Cardboard House Press.

—Review by Madeline Vardell




What if wolves behaved like humans? What if humans behaved like wolves? In Kim Kyung Ju’s dystopian play, Bred from the Eyes of a Wolf, translated by Jake Levine, this hypothetical comes alive. The outcome is not for the prudish or light-hearted. Kim newly approaches well-known narratives—from the archetype of the middle class family in Korean culture to the classic Greek Myth of Oedipus—to present an uncannily familiar and unfamiliar nuclear family, shitting together in a world where language is forbidden. The contradictory representation that unfolds forces the audience to confront taboo subjects and make new judgements. What’s morally allowable in a world of humanish wolves? What’s ethically grotesque and what’s just gross?

Kim layers more than classic archetypes here. He builds his post-apocalyptic pastiche with meta-awareness and the cockroach-like systems of civilization: capitalism and castigation. His wolf family highlights their cognizance of their own humanity when the mother warns her son: “Be careful! / Any animal that takes the path of humanity / always results in a scene filled with blood!” to which her son bemoans: “Fuck! Just like a human that thinks he is an animal, / I never recognize the trap.”  And then, there’s no short-supply of self-referential jabs at the deadbeat poet, or the censure of writing by an authoritarian government. Near the end, two policemen, in cyber suits and Orwellian practices, arrive to make arrests. From Policeman 2, “This mother and son, / they are like languages that live / in one another’s background. / [ . . . ] It’s suspicious.” Policeman 1, now suspicious, “Language is forbidden! // You are all sentenced to space dust!” Translator Jake Levine howls the play into English and leaves readers a closing essay to ensure that nothing from this new and untried Korean fable is missed.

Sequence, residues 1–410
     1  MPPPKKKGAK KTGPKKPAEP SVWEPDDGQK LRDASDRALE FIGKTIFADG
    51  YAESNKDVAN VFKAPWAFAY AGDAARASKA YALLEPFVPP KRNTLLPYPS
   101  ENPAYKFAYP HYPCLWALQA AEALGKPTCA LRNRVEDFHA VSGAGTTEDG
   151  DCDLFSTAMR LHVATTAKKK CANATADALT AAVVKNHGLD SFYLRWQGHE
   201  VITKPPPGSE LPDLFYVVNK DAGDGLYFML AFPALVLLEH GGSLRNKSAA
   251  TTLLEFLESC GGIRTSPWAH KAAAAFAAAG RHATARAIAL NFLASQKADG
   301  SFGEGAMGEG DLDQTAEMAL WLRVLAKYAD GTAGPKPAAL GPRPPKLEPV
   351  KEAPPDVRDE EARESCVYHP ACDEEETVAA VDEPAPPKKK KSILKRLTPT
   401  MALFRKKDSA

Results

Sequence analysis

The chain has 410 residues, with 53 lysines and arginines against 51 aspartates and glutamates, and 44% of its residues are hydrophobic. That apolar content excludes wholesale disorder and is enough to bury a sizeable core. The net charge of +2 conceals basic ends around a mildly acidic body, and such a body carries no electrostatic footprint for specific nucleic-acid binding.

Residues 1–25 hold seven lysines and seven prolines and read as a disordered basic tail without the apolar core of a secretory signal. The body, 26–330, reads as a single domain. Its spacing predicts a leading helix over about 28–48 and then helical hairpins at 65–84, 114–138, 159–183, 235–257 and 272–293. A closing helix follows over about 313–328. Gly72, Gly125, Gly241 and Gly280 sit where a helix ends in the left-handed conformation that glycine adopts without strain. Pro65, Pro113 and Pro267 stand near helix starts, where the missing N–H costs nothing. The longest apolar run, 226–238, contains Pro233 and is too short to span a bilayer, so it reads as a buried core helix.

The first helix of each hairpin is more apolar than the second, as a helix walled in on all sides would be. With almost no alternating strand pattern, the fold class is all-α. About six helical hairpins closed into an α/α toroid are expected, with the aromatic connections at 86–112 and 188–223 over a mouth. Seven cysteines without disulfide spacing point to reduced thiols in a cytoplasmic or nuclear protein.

Plays Inverse Press.

—Review by Madeline Vardell




The bilingual chapbook Language is a Revolver for Two by Peruvian poet Mario Montalbetti, translated from the Spanish by Clare Sullivan, explores the systems of language as an economy—how language behaves through supply and demand. What exists within language’s economic bounds and what exists outside? A sardine, the need for love, the dawn coming down “orange as a ripe papaya” shattering on the pavement? Here, the study is of the ways language moves collective and the violence thereof: “my words are a knife / chilling when it enters your heart / laughing when it enters mine.” As these lines and the title suggest, the violence is throughout but it is thematic, controlled, and shared. In one poem, Montalbetti’s speaker burns nocturnal, kept awake by an anonymous no, and in another, is a pilot, smashing the poem-plane to bits while claiming: “all your poems end, / trying to express a private sentiment / in public language.” Though small, this brief collection observes the everyday and leaves us with grand questions—how does the market of language affect the quotidian, the supreme, and what escapes the system?

Ugly Duckling Presse.

—Review by Madeline Vardell